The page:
Connacht back in Champions Cup

Rugby: Pro 14

Matt Healy of Connacht goes over to score his side's fourth try against Cardiff Blues last weekend. Photo: Sportsfile

Matt Healy of Connacht goes over to score his side's fourth try against Cardiff Blues last weekend. Photo: Sportsfile

Champions Cup secured, it would be easy for Connacht Rugby to drift towards the end of the season, knowing their primary aim is secured.

However, having overcome Cardiff by 29-22 at a packed Sportsground on Saturday, and celebrated at Connacht's annual awards the same evening, Connacht must now seize the momentum, the occasion, and push themselves on to ensure they complete a meaningful season - to be matched with the new stadium development off-the-field

And that will be a challenge for a group of players whose major focus has been securing Champions Cup rugby for the last three seasons. It will be another test to go to Munster, knowing they do not need to win, and produce a performance - an opportunity certainly for replacement players if front-liners need to be rested. But the big one is returning to Kingspan Stadium in Belfast for the PRO14 quarter final having overcome 58 years of defeats earlier this season and then following up with a victory at home. This time round, however, it is altogether a different test at the business end of the season that will test Connacht's mental and physical resolve.

Three years since that PRO12 final, and only the second time Connacht have reached the top European competition on merit, it is new territory for much of this squad. But coach Andy Friend believes his players have more in them.

“This is not the ceiling," he says. "We’ve got some more growth in us, we’ve got some really good depth coming through, academy players coming through, and a strong academy, and we’ll just keep building those boys through. There’s some good work going on here.

“We said at the start of the season we want to win it," said Andy Friend. "We’ll have a quarter-final against Ulster, but before that we’ve got to go to Munster and we’ve got to play a game there.

"People will say the result doesn’t matter, but it does, because sport is about momentum too. So we want to keep winning, which we will aim to do, and so will they. They will probably be aiming for a top spot now, so that will be a huge game down there in Thomond Park and then Ulster in a quarter-final, which is pretty exciting.”

It was more tense than exciting in the Galway Sportsground on Saturday afternoon when Cardiff won the toss and forced Connacht to play with a stiff breeze that continued to shift throughout the game. And it looked like a 14-7 half-time lead may not be enough, but Connacht produced an outstanding second half with ball in hand, crowned by Jack Carty's superb try.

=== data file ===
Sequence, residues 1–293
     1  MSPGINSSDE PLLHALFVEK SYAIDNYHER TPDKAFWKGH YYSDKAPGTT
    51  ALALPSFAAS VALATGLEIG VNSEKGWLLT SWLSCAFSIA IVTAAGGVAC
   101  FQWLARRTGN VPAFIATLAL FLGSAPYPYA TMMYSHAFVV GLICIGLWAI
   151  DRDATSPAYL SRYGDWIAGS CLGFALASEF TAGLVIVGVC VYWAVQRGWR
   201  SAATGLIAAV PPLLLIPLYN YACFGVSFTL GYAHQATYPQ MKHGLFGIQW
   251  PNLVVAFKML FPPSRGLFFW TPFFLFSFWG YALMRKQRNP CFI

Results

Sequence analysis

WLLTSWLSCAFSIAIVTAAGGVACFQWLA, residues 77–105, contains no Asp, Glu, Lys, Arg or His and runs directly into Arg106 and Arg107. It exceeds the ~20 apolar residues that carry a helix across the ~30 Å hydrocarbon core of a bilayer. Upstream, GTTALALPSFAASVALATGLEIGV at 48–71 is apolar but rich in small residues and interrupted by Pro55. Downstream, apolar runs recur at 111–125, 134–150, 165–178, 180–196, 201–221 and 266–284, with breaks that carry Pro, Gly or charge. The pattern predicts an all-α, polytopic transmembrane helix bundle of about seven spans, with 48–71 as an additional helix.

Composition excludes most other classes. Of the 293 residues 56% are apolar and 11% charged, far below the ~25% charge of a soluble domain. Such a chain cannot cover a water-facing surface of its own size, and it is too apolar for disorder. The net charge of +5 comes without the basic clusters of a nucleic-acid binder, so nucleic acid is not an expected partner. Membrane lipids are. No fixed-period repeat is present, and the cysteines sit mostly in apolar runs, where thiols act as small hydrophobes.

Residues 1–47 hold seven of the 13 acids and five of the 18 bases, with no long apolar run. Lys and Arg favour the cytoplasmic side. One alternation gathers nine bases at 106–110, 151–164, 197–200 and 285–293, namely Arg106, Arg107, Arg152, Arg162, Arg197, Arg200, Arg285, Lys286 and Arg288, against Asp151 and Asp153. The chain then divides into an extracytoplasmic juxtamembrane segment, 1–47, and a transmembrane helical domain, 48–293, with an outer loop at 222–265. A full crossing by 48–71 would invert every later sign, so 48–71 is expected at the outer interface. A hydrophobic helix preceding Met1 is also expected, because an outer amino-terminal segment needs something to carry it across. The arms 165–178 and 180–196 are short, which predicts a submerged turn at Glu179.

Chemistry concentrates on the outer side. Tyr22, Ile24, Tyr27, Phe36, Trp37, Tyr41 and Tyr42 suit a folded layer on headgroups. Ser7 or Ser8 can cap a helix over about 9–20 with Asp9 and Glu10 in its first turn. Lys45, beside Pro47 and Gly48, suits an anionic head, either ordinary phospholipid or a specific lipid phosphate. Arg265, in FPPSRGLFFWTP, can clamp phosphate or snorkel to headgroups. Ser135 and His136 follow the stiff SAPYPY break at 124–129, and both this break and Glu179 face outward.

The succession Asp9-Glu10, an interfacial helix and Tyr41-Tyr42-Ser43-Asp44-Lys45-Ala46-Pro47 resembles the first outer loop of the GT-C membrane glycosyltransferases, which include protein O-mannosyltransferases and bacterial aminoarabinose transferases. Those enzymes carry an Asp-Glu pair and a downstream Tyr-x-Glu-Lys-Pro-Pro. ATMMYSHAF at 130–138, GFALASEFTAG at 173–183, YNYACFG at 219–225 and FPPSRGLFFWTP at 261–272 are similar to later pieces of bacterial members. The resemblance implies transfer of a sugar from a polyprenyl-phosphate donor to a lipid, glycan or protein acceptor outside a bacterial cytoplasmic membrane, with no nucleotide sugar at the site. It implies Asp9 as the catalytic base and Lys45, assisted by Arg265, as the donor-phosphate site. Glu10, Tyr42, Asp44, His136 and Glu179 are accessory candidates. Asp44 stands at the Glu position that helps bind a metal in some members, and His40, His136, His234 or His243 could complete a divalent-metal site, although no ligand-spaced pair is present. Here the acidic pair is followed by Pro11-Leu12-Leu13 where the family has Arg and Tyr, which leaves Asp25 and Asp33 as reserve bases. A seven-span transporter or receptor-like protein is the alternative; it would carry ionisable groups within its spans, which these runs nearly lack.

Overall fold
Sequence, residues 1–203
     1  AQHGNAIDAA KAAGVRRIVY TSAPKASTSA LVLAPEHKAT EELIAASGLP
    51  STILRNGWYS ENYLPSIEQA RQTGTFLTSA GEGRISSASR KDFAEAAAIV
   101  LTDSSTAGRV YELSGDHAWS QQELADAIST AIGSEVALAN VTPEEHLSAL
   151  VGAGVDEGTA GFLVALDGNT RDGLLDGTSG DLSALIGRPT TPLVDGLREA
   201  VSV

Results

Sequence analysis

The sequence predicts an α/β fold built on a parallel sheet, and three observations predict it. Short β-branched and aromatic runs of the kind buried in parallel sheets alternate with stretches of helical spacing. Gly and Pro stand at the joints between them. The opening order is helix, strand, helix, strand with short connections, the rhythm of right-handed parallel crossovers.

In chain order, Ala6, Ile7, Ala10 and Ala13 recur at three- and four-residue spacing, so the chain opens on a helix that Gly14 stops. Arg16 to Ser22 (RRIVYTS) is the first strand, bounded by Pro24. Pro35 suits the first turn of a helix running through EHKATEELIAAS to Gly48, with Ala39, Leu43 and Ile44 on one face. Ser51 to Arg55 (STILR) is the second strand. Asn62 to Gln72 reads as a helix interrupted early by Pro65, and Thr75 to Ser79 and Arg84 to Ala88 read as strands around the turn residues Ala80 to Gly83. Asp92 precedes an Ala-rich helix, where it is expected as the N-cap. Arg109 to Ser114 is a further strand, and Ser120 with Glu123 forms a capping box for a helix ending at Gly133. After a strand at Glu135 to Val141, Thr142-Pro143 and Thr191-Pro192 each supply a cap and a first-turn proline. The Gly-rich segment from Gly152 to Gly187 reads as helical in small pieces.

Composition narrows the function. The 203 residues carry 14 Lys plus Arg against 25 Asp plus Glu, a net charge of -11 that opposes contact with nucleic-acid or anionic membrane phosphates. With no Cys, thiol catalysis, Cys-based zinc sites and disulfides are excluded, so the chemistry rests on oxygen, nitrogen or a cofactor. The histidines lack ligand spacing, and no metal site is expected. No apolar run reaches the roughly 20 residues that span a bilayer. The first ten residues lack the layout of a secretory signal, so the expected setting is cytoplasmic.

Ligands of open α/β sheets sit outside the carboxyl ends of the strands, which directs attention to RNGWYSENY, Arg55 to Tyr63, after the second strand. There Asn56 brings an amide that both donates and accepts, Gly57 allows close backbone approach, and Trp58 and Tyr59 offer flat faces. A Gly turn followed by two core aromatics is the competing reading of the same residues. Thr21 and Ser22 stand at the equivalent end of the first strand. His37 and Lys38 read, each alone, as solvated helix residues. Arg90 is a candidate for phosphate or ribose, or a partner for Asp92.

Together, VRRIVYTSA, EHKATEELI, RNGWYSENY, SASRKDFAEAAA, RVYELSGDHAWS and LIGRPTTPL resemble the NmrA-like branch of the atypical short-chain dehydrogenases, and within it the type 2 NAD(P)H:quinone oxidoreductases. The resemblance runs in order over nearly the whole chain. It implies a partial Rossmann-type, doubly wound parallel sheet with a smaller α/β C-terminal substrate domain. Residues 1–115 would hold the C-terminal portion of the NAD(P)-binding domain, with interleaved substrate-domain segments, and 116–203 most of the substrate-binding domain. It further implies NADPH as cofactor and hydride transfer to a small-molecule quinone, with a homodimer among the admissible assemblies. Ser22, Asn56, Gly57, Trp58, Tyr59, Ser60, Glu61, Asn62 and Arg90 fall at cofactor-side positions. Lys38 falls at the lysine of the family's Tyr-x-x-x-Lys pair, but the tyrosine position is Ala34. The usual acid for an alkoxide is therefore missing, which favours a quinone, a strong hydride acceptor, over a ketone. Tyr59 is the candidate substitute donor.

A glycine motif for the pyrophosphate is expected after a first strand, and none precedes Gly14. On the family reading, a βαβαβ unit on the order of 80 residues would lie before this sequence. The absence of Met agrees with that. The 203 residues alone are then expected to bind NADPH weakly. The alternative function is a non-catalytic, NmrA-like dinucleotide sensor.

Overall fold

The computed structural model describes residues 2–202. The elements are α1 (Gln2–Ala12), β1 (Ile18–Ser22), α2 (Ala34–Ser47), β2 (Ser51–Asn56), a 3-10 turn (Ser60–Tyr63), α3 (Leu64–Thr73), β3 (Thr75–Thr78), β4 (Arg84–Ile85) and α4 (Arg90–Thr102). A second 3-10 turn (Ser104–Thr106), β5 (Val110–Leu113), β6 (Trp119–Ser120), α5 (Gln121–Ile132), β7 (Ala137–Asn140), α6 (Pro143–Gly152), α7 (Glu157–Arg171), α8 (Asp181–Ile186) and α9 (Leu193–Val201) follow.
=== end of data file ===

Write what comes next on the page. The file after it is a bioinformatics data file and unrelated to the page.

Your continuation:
Connacht had opened the scoring after 11 minutes, capitalising on their first sustained attack with a penalty to touch some 25 metres out. Paul Boyle's break from the breakdown carved the gap for the supporting Caolan Blade to score, with Carty adding the extras. Eight minutes later Cardiff made their superior possession count, replying with a try from right wing Owen Lane before Connacht completed the first half tally with a textbook line-out and drive, Boyle catching and Gavin Thornbury touching down. Carty added the touchline conversion.

With less territory and possession than their opponents, Connacht turned into the second-half wind and took control. Reminiscent of their PRO12 winning season, they kept hold of the ball and ran with it. Matt Healy, once again revelled in tight spaces on the left wing, Bundee Aki resumed his trademark tackling to set the Sportsground alight, Tiernan O'Halloran and Darragh Leader were secure at the back, while Carty and Caolan Blade continued to exercise control. Allied to the pack that never relented in the set piece, Connacht had all the momentum, particularly after Carty added a three-pointer to extend the lead to 17-7 and five minutes later produced the try of the game.

It came after Darragh Leader took a quick throw from a low bouncing touchfinder from Gareth Anscombe. A willing Tiernan O'Halloran set up play inside his 22. Tom Farrell, Blade and Carty were all involved in several phases before Aki made inroads and Leader took it on again. Captain Jarrad Butler and Thornbury entered the action as play continued to move forward, and Denis Buckley was on hand to help Carty before Farrell, O'Halloran and Healy kept Cardiff on the back foot. Eventually from a ruck, Buckley again provided the Connacht outhalf, who finding a half gap, opted to chip through inside the 22. Despite the covering Cardiff players, he had the pace to burst onto the bouncing ball and ride Matthew Morgan's tackle as he scored. Adding the extras, Carty put Connacht into a 24-7 lead after 50 minutes.

As expected Cardiff responded. An Anscombe penalty two minutes later signalled a Cardiff revival, but they were denied a try by TMO - a controversial decision for a "simultaneous hand in touch and ball grounded" that kept the Welsh out of reach. And for the next 15 minutes Connacht's defence was forced to withstand Cardiff's wrath until openside Ollie Robinson touched down from a maul and Anscombe narrowed the gap to 24-17.

With eight minutes remaining, Connacht scored the fourth. Robin Copeland produced the necessary cameo appearance, disrupting the restart, and when Cardiff simply failed to control, Colby Faianga'a got his boot to ball and Healy was quickest to react, diving over in the corner.

There was enough time for Jason Harries to claim a consolation try, but by then the Clan Terrace was well into its fourth round of the 'Fields of Athenry'.


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